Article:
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Director who gave Sean Connery his first major role looks back in memoir




by Alvin Rakoff (Amazon £9.99, 183 pp)

Alvin Rakoff, a Canadian long-time resident of London, is one of the great unsung film and television directors. He got a sad, poignant performance of the notoriously hard-to-handle Peter Sellers, in Hoffman – a creepy tale about a middle-aged man who keeps a young girl captive in his flat.

Rakoff was also responsible for John Mortimer’s classic A Voyage Round My Father, in which Laurence Olivier plays the blind old lawyer father and Alan Bates the adoring son. Now a sprightly 94, Rakoff returns in this memoir to his early career, when he directed the then-unknown Sean Connery in his first major role in March 1956.

Alvin Rakoff, 94, has penned a memoir in which he mentions directing the then-unknown Sean Connery in his first major role. Pictured: Connery as OO7

The play, Requiem For A Heavyweight, filmed by Rakoff for television, is about a boxer with waning powers. The key role of ‘Mountain’ McClintock proved difficult to cast – at the BBC audition, several actors gave crappy impersonations of Marlon Brando – and then Connery came in, also nonsense. “Mumbles, I can’t figure it out,” was the note on his card. But there was a clear charisma.

Rakoff already knew him: Connery had been an eager extra in one of his television plays, appearing as a bandana-wearing guerrilla storming a fortress. He was also almost famous in Edinburgh for finishing third in the Mr Universe competition.

The problem was that he had no formal training as an actor. But those were the pioneer days of television – a new medium that, although viewed by millions, was not deemed worthy of being taken seriously, so Rakoff, as a senior TV producer, had far more independence than was now dreamed of.

It was also an area where unheard of actors could play lead roles, so Rakoff got his way and Connery was cast. An extra, a “blonde boy with curly hair and droopy eyes” named Michael Caine, was still waiting for a lead role, although his boots got a close-up during a scene change.

The production was rehearsed for three weeks, with tape on the floor to indicate where the scenery would be. Rakoff was responsible for “mindfully detailing every creative moment,” breaking the script down into lists of shots, switching from one camera to another as actors spoke and others reacted.

Cameras back then were huge boxy things mounted on bicycle wheels and always in danger of colliding with each other, their cables a tangle of black spaghetti. But mechanical matters could not be left to chance: the crew had to know their exact pre-assigned positions. The reason for the meticulous, slightly panicky atmosphere?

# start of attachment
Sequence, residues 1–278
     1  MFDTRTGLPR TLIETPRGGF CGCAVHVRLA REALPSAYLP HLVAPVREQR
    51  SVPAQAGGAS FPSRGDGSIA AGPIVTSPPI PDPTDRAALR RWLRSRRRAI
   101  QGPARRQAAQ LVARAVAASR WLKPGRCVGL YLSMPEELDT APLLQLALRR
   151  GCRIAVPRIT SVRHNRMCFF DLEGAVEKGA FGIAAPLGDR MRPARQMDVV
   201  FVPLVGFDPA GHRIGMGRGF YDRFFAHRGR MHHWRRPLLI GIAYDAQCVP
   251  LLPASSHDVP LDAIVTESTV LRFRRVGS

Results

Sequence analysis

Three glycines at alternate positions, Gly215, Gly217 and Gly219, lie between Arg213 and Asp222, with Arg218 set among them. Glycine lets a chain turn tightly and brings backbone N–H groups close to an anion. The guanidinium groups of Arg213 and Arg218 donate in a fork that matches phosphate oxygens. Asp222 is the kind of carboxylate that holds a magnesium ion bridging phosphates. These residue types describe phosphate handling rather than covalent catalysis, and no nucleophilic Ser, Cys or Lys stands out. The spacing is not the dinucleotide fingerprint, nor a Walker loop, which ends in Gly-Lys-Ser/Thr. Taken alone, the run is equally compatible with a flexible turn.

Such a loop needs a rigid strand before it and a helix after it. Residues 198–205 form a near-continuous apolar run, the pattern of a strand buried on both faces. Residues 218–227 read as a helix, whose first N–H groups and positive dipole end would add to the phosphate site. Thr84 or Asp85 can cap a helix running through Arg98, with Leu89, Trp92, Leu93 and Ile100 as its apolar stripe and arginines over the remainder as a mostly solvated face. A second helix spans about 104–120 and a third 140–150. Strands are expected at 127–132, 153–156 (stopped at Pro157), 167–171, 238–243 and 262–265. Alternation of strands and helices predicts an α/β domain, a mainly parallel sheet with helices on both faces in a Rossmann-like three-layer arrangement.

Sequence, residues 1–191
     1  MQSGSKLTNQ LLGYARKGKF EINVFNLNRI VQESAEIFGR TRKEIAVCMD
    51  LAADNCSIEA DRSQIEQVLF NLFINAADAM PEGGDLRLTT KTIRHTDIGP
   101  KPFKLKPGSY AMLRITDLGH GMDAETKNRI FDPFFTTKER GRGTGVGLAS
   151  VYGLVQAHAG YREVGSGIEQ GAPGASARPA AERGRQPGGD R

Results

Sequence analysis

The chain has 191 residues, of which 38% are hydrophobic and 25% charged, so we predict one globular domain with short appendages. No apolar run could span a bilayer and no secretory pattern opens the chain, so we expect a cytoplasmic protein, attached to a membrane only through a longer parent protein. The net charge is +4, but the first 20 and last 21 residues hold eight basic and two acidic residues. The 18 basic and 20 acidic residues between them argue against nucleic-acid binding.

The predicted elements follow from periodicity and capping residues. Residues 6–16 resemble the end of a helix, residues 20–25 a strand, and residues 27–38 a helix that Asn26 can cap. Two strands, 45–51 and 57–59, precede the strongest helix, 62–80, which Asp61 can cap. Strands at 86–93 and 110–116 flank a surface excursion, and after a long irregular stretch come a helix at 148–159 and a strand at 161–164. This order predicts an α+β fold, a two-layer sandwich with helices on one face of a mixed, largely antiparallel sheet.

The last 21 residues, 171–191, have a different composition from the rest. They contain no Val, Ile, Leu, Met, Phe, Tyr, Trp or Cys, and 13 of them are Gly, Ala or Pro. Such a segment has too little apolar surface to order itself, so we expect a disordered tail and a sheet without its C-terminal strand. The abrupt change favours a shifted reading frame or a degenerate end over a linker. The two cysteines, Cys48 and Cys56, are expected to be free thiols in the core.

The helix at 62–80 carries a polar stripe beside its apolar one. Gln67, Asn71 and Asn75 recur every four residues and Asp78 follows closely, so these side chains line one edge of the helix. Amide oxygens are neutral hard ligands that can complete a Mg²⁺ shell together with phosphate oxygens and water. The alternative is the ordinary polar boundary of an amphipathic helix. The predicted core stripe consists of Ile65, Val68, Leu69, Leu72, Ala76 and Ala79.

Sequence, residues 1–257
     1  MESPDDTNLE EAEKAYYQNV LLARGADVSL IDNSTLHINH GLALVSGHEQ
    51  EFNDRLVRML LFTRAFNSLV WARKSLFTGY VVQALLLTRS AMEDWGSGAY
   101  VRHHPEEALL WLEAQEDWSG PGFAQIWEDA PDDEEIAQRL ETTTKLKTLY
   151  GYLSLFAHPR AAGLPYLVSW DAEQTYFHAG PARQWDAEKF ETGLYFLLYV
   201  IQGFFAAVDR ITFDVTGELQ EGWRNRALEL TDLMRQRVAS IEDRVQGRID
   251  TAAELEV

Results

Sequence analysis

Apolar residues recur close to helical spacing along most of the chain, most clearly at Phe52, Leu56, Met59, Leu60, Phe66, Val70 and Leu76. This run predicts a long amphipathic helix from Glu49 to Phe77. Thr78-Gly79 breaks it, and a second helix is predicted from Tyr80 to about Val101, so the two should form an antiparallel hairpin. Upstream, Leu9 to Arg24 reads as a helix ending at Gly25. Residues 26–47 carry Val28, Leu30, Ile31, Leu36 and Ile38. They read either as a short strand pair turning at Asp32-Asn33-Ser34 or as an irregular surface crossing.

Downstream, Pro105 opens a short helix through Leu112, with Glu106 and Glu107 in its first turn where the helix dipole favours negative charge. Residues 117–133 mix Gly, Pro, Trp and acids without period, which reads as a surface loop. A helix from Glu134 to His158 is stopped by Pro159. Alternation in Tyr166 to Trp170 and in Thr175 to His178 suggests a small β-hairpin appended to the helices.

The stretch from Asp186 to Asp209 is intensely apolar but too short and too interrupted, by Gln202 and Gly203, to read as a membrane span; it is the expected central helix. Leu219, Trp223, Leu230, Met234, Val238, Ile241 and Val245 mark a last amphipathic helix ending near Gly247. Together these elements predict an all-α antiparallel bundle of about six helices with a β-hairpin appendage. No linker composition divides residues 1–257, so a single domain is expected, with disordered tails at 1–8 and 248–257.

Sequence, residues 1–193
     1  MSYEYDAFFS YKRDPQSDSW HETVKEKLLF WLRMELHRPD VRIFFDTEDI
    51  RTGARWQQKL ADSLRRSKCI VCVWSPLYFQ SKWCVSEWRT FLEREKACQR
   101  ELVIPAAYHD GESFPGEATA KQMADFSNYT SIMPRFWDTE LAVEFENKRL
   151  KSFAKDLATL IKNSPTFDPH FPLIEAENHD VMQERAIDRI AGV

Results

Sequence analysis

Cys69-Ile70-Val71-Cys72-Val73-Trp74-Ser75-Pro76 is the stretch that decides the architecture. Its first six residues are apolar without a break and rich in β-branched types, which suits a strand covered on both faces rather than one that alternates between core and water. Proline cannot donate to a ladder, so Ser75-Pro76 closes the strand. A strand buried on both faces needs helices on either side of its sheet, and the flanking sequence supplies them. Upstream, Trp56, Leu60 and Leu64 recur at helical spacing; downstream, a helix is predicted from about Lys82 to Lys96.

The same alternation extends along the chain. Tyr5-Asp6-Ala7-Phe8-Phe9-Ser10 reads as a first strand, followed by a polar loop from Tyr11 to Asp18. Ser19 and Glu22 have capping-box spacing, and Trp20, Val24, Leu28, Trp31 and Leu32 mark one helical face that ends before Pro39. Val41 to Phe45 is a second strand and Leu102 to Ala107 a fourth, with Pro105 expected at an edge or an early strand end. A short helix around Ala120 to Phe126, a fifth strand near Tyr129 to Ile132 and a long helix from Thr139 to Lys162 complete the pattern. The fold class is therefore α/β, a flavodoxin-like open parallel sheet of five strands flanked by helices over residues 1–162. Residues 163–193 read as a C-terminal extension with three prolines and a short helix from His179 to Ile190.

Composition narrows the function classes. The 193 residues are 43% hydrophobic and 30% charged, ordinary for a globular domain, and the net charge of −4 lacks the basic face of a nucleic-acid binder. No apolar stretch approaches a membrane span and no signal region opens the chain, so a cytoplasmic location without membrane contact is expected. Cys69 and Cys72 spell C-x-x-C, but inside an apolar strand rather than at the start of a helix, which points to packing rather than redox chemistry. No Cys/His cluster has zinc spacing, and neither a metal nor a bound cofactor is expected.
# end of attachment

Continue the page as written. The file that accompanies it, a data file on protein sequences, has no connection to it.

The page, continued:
I'M JUST THE GUY WHO SAYS ACTION by Alvin Rakoff (Amazon £9.99, 183 pp)

I’M JUST THE GUY WHO SAYS ACTION by Alvin Rakoff (Amazon £9.99, 183 pp)

Requiem For A Heavyweight would be a live broadcast, one hour and 45 minute nonstop recording, 398 separate shots, broadcast in the coveted Sunday night slot on March 31. “We get one chance,” Rakoff told everyone. It was, he says, “ruthless.”

That night Rakoff was in the control booth, just like Monty on D-Day. The production felt seamless as the performers and the cumbersome technical equipment meandered around the cramped sets: the boxing ring, hallways, alley, bar, hotel foyer, and train carriage.

Not a 10,000 watt bulb exploded. No flat collapsed. Not a single actor forgot his lines or fell dead in mid-air. Rakoff writes about all this backstage drama with the suspense of a smoothly written novel. And the press the next morning was ecstatic.

Connery had delivered “a measured, structured, great performance,” full of emotional truth. This paper said, “He’s star material, if I’ve ever seen it.” His destiny, as everyone knows, was to be James Bond.

The tragedy is that Requiem For A Heavyweight does not exist. It’s not included. Video tape had not yet been invented and the ‘telecopy equipment’ was deemed too inferior to use. “Goed into the air, never to be seen again,” laments Rakoff.

However, sometimes things pop up in attics, illegal copies made by amateurs. I recently saw Richard Burton as a steamy Heathcliff in Wuthering Heights. Made for NBC Television in 1958 and presumably deleted, a tape was found in 2019. So – fingers crossed.


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